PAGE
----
So, you want a SUV? That’s fine with me, because given the popularity of this segment, a whole new world has opened up. Let’s take a look at the Korean Kia Sportage SX and the German Volkswagen T-Cross 85TSI Style R-line. Two cars that blur the lines of the small to mid-sized SUV category.
The Sportage SX sits above the S petrol and diesel variants but below the SX Plus (see above) and GT-Line. The Volkswagen T-Cross 85TSi R-Line is the range topper and abundantly more sophisticated than the Sportage.
The Kia offering, produces 114kW / 192Nm from a 2.0L petrol four-cylinder; there’s also a diesel option and AWD on offer across four variants. Power is sent to the front wheels via a six-speed automatic.
Meanwhile, the VW sports a 1.0L turbo three-cylinder petrol engine with 85kW and 200Nm. Drive is also sent to the front wheels via a quick shifting DSG seven-speed gearbox.
Value for money
The as tested Kia Sportage SX has a drive-away price of $32,290. However, you’ll need to produce $520 bucks for the “Fiery Red” premium paint.
Over in the German corner you can enter the Volkswagen T-Cross world from $27,990 for the 85TSI Life.
The Style R-Line shown here peaks at $30,990 before options. Typically, for a European brand there’s no shortage of options. I had a $1,900 Sound and Vision pack plus the $2,500 Assistant Package that also adds to the R-Line styling to dress things up.
This is my very point, jumping into a European vehicle is now very obtainable thanks to very competitive pricing and choice. That’s not to say the Sportage SX is a dud. Your brain will push you towards the Kia, while your heart and a dash of vanity could wear you down and see your bum in the T-Cross.
Size is also another issue here, the Kia Sportage is bigger at 4485mm long and 1855mm wide. The T-Cross is 4108mm bumper to bumper and 1760mm wide. The Sportage has a wheelbase of 2670mm v the T-Cross at 2563mm.
Luggage space is won again by the Kia at 466L while the T-Cross can eat up 385L – 445L depending on the position of the second-row seats.
For ease of access, also take into account the Kia is 72mm taller at 1655mm v 1583mm.
The 2021 Kia Sportage SX really is just a facelift and it shows. Externally it’s a good looker but the cabin is starting to date a little.
The drive is comfortable and suitably tuned for Australian conditions. Refinement is great all-round with minimal road noise or any other signs of harshness.
The T-Cross doesn’t exactly launch like a SpaceX rocket, but there’s enough power for light duties around town. In fact, it even has a rather dashing soundtrack.
Power is delivered via a seven-speed dual-clutch transmission. These snappy gear boxes are fantastic when they work, but I could cite numerous occasions of faltering cogs. These situations arise at roundabouts for example, not the best time for a solid 3 second delay from the tricky gearbox. However, the T-Cross seemed to be far removed from that, the only hiccups occurring when the engine Stop/Start button is on.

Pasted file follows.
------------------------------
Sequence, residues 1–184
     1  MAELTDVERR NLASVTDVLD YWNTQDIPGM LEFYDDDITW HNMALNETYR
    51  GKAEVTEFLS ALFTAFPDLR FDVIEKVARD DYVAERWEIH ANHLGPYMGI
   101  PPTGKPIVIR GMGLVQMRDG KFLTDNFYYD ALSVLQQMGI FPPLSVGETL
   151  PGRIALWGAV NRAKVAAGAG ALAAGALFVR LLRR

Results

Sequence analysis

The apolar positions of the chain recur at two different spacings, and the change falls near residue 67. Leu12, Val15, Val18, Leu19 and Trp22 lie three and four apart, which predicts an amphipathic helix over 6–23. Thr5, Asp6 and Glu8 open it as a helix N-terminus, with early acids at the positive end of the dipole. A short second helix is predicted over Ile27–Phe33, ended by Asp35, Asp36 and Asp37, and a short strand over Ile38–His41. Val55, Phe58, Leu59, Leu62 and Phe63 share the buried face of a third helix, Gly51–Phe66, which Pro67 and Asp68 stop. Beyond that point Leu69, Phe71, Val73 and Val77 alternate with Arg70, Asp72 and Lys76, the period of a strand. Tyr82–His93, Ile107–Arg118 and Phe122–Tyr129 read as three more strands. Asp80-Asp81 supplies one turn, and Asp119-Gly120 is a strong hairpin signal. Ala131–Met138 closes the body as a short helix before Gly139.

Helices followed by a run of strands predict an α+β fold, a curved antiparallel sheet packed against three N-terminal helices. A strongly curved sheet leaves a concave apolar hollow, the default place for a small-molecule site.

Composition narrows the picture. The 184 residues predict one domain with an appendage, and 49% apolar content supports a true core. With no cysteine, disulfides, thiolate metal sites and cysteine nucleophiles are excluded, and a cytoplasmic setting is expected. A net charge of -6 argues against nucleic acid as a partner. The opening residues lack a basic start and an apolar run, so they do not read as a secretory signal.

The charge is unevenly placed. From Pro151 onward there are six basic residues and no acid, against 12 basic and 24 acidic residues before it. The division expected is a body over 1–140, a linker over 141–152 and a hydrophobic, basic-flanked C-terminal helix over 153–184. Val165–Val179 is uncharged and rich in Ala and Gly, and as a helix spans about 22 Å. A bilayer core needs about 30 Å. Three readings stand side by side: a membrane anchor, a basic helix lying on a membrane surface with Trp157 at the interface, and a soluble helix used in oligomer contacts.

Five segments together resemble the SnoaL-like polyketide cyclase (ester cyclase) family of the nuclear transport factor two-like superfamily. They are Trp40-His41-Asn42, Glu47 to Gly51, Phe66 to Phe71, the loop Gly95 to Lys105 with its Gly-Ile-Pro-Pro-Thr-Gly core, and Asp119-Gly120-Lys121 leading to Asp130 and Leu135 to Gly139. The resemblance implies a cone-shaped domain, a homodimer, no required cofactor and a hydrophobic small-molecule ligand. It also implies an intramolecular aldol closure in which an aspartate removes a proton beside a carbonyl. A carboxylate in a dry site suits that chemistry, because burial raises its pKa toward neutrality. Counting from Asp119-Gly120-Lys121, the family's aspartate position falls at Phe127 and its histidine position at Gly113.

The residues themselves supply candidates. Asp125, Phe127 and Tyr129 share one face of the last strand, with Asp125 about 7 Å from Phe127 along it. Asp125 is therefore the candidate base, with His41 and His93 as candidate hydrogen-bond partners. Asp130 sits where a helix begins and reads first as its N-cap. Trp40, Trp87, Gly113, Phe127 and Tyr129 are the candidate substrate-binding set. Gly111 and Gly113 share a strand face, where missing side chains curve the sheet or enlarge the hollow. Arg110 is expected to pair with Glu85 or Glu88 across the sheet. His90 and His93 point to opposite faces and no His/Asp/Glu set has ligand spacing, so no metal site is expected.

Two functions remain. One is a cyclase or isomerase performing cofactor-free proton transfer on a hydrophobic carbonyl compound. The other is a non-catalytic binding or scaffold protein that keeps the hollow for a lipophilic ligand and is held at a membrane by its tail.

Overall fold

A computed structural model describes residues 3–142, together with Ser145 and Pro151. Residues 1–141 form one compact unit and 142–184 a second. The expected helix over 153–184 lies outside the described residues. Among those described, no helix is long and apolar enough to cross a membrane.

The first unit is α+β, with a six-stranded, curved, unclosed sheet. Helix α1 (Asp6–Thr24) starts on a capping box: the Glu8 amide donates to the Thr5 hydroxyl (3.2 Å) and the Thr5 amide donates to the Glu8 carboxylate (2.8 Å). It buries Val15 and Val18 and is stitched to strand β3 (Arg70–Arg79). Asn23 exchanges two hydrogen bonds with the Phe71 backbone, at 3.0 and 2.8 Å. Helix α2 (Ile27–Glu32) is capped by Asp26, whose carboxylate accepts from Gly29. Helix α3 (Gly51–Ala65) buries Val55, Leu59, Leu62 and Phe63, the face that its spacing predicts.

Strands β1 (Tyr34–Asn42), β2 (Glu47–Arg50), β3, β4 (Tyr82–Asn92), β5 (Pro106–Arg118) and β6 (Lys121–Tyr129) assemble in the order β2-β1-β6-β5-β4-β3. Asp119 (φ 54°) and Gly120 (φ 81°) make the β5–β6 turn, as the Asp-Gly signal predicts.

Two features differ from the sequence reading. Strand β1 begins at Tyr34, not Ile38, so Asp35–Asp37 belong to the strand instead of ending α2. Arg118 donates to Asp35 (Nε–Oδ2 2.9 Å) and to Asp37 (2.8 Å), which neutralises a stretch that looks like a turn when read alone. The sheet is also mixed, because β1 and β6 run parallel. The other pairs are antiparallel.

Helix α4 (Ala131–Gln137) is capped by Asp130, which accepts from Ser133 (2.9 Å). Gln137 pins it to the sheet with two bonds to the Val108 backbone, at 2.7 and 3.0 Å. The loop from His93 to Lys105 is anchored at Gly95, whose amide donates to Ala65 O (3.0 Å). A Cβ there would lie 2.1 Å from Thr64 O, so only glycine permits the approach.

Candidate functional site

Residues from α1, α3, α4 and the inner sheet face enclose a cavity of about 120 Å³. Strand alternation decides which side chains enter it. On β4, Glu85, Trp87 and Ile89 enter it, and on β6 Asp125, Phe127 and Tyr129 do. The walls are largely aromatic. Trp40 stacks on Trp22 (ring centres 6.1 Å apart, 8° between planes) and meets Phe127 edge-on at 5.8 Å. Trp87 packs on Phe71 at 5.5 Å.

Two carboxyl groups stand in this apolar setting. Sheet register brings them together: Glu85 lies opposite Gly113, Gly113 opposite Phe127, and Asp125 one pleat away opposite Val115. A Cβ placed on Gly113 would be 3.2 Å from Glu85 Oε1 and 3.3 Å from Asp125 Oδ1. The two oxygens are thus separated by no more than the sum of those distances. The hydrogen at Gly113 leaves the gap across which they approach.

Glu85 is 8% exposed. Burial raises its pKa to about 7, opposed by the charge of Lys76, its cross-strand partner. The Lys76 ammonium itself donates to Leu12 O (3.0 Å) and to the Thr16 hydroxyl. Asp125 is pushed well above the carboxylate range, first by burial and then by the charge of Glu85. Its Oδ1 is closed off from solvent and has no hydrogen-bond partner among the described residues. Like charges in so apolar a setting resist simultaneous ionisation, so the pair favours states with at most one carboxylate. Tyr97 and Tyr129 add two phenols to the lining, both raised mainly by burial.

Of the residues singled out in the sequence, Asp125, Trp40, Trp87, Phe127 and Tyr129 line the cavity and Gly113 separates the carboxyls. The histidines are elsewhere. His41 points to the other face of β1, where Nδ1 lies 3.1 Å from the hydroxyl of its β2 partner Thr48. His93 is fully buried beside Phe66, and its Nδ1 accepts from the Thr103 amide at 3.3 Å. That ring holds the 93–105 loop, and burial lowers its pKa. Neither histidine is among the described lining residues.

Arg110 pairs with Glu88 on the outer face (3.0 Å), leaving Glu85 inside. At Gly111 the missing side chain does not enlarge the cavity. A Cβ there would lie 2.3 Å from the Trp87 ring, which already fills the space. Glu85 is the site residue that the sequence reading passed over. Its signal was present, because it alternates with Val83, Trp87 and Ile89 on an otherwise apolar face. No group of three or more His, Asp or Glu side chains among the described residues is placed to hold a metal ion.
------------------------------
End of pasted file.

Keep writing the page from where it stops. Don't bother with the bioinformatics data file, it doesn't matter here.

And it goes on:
Handling is on point; European cars just feel so different to vehicles produced and designed elsewhere. The ride is a tad firm, but the steering is fluid and predictable. I found the interior lacked pizzazz, but very well put together. All the usual touch points are well padded while there’s solid insulation from the world outside.
The Volkswagen T-Cross is a legitimate prestige car, but it sits in a very competitive field.
Kia has been launching new SUV’s like they’re going out of fashion. The STONIC, Seltos and the new Sorento are all clean sheet designs.
Given I’ve driven all of those, the age of the Sportage really slapped me in the face. Thankfully, it’s still a rather practical car. You’ll find four cup holders front and rear. 4 bottle holders in the doors and a plethora of storage tricks spread throughout the cabin. The plastics over the centre console look very 2018, while the eight-inch touchscreen is not atop to 2021 standards.
The T-Cross cabin is a very pleasant space; the cloth seats were soft but supportive and looked very sporty indeed. You can blame the firm ride on the 18-inch alloys, but hey, you need to look the part, right? All of the automatic features I go looking for were onboard this car: rain-sensing wipers, auto rear dimming mirror and automatic LED head lights. There are four USB ports front and back and decent cup holders.
What I love
The Sportage scores Kia’s seven-year/unlimited kilometre warranty. Volkswagen is still running with a five-year/unlimited warranty.
When it comes to the T-Cross, I just like its vibe.
It’s rad man.
Both cars come loaded with safety technology. The Sportage includes some of the usual acronyms such as LCA (Lane Change Assist) & RCTA (Rear Cross Traffic Alert). The SX does miss out on Blind Spot Monitoring and adaptive cruise control. A five-star ANCAP rating was granted back in 2016 and remains so,
The T-Cross is a tad more elaborate with Adaptive Cruise Control (ACC) with Stop and Go function, Lane Keep Assist (LKA) and does have a Blind Spot Monitor with Rear Traffic Alert.
AEB is present and accounted for, at low and higher speeds. It’s actually a very sophisticated system, with lower speed impacts under 30km/h warded off by sensors. However, a front assist system will apply the brakes at much higher freeway speeds.
Bowen’s report card
As I said at the start, this could be regarded as an apples and oranges comparison, in some ways that’s the case. I just think it really rams home the idea that you can go Euro without robbing a bank.
The Kia Sportage SX is like a refurbished RSL club. It’s trustworthy and a good buy, even for the most cynical. It’s a 79 out of 100 from me.